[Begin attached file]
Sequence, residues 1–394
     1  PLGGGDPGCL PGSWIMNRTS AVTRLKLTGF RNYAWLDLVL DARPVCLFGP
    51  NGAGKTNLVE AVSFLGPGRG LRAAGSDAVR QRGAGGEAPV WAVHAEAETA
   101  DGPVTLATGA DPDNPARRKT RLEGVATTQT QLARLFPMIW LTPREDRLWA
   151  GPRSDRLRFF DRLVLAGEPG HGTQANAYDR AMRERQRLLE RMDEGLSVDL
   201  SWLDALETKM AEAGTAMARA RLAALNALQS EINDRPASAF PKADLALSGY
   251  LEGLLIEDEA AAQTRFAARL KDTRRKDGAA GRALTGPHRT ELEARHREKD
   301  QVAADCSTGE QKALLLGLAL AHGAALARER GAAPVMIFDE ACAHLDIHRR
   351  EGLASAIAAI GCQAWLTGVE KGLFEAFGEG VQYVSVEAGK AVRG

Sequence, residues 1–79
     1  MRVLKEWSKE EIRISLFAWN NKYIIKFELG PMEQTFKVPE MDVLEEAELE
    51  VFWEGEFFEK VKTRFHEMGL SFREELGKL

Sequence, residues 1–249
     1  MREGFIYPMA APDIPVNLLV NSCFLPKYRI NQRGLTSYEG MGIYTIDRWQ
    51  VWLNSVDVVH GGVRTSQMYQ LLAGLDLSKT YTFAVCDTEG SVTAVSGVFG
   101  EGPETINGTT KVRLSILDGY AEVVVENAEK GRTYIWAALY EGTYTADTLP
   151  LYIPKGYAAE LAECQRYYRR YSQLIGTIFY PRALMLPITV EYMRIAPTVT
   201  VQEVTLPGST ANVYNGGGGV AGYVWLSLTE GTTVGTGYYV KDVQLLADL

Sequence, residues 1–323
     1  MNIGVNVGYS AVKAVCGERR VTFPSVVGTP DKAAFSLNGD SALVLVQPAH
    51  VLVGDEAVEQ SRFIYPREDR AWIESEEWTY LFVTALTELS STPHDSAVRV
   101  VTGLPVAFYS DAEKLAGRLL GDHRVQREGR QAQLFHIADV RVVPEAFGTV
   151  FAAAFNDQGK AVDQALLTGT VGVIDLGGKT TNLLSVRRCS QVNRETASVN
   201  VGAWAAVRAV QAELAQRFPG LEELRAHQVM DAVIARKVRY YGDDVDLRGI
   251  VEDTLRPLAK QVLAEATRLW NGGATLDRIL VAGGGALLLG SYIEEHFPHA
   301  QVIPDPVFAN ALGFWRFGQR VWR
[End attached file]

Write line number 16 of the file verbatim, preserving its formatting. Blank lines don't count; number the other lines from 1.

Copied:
   101  EGPETINGTT KVRLSILDGY AEVVVENAEK GRTYIWAALY EGTYTADTLP